Sailor Moon Crystal 2: Crystal has gotten me pretty interested in checking out the original series, but man, these faces are terrible. Whoever decided these characters designs were both a good idea and clearly should constantly be adhered to needs to be double fired. Twitter really doesn’t help here – pretty much every week, I see someone making their way through the original series and cataloging all the great, evocative faces along the way. If I’m going to watch this series, I’d like to be watching the definitive version, and it really seems like Crystal isn’t that. A shame.
Sword Art Online II 3: Another unusually strong episode of Sword Art Online this week, though in a very different way. This one had none of the fun, self-contained energy of the previous episode, but actually seemed interested in exploring some of the many concepts the first season breezed over. Its elaboration of Sinon’s motivation was extremely direct, but in the context of SAO, I’d say any character writing is good character writing, and only a couple moments of this really leaned over into silliness. Yeah, my standards for this show are probably pretty low – but if everything holds together, this second season might actually be a legit 6/10 popcorn show. Here’s the full writeup!
Aldnoah.Zero 3: A very engaging conclusion to what I guess we can consider the first mini-arc of Aldnoah – our ragtag heroes versus the invasion force and that terrifying force field. This episode played out more or less like an episode of Code Geass, with Inaho demonstrating a great deal more overt personality as he devised and executed a counterattack on Trillram’s Kataphrakt. Using the river was a clever trick – I figured they might just try to overwhelm the field, but using the constant pressure of water to search for weak points was a nice resolution. Inaho’s plan depended on the pilot being somewhat overconfident, but why wouldn’t he be? Overall, this episode’s action centerpiece really worked for me.
Aside from working on a pure engaging-entertainment level (which shouldn’t be understated – Aldnoah is probably the most fundamentally enjoyable show I’m currently watching), I also liked how this episode continued to bounce its cast off each other, and to treat everyone more as people in a crisis than representatives of warring “sides.” Many shows build up to “everyone has their own reasons” – Aldnoah basically just starts there, from an assumption that everyone is trying to do their best given their current circumstances. The efficiency with which last episode brought together the soldiers, the students, the princess, and the spy is already paying dividends in illustrating how arbitrary such distinctions are when you’ve got a goddamn invincible Kataphrakt breathing down your neck. For someone who’s often accused of putting words in his characters’ mouths, Urobuchi is definitely letting the story do the talking this time, and I think it’s making this story feel somewhat lighter than much of his previous work. Now we just have to see what happens when Urobuchi stops writing the scripts…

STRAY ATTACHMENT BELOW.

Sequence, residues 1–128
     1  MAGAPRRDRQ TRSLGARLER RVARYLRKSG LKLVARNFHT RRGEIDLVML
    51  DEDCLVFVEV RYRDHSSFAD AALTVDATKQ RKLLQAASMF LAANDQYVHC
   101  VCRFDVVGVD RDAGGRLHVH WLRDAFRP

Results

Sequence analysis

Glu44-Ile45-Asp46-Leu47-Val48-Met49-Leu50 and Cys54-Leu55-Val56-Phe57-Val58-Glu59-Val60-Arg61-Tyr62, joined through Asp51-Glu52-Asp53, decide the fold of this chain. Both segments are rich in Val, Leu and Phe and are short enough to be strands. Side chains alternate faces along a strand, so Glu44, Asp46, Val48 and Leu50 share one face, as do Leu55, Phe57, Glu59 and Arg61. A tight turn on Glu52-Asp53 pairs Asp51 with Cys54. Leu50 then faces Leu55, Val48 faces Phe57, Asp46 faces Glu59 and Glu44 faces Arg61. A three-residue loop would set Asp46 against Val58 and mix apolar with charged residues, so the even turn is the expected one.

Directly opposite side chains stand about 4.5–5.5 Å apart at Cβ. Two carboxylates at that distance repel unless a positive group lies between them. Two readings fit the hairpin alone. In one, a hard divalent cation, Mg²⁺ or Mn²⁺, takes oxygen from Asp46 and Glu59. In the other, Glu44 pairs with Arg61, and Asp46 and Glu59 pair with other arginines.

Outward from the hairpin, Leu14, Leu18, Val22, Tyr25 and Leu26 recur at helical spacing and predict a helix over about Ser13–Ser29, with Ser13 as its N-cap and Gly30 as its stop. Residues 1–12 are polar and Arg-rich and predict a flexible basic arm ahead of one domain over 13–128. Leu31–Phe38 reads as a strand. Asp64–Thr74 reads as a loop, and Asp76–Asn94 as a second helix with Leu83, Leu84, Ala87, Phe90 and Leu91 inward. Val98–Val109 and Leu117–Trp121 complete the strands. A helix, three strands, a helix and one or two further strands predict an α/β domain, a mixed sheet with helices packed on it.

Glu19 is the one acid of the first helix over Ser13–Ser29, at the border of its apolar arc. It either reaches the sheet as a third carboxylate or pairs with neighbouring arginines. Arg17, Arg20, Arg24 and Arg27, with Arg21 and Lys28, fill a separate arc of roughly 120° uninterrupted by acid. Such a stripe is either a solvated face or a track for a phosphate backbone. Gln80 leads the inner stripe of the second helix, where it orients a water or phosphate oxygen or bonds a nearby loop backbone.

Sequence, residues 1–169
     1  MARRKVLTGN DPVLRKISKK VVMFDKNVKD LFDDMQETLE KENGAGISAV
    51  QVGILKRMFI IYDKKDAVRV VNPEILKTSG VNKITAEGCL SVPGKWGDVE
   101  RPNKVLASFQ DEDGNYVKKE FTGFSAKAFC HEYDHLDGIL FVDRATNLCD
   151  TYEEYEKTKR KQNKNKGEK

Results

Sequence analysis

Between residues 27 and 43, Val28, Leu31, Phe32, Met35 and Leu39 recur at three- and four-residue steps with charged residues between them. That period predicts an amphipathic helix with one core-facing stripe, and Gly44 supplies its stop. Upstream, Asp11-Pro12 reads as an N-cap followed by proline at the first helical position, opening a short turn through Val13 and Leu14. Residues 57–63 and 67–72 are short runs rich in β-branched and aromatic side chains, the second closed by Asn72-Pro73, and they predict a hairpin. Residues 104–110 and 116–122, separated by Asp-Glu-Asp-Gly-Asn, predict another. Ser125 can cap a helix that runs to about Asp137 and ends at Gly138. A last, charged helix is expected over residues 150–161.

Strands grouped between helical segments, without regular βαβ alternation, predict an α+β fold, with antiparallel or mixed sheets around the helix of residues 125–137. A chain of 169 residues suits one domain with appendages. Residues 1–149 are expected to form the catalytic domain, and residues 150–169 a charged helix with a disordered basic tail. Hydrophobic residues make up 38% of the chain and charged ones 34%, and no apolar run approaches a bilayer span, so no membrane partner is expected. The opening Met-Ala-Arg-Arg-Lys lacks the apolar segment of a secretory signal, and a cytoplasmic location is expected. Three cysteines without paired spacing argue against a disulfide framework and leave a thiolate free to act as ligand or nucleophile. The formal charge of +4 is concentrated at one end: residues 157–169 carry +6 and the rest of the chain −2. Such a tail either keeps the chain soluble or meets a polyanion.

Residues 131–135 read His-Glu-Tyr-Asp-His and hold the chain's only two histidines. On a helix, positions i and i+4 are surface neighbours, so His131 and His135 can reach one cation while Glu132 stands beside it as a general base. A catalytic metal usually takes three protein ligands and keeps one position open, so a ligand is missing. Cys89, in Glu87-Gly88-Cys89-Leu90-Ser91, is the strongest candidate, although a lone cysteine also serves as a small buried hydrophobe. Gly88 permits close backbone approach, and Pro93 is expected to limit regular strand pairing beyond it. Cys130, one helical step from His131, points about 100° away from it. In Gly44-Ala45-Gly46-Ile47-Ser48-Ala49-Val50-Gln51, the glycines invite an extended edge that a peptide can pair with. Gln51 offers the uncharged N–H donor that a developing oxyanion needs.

Tokyo ESP 2: Alright, here’s an easy drop. The first episode was too clearly a hook for me to really gauge what the show would actually be like – but this episode seemed much more standard, and it turns out the answer is “not very good.” Nothing about the actual narrative was particularly interesting here – it was all pretty standard shounen-beginnings stuff, with perhaps the most creative touch being our MC’s father’s awesome character design. But that’s not necessarily a dealbreaker for an action show – the thing that sinks this episode is that the actions scenes are just really boring. Very floaty, no weight to anything, uninspired direction, mediocre animation, bland sound design. That’s not really a failing an otherwise mundane action show can overcome, and so I’m happy enough to drop ESP here.
Hunter x Hunter 139: That’s right, I’m back on the Hunter x Hunter train. I spent the first couple days of my vacation burning through the end of Chimera Ant, and now I’m actually up-to-date for the Election arc. I’m really enjoying this one so far – Pariston’s already as big of a hateable shithead as Pouf ever was, it’s great to see all the old characters again, and Killua has clearly earned a being-adorable-with-his-sister arc. This episode was mainly dedicated to setting up future rules of engagement, so it wasn’t the most exciting, but it still had great moments like Killua’s mom being oh-so-proud of her treacherous son, and Hisoka’s deadpan “I may have issues, but you are one fucked up dude.” I’ve actually been preferring the election side of this so far (the interactions between Pariston and basically everybody are just way too much fun), but overall it’s kind of refreshing to get back to upbeat, adventure-style Hunter x Hunter after the endless overwhelming drama of Chimera Ant.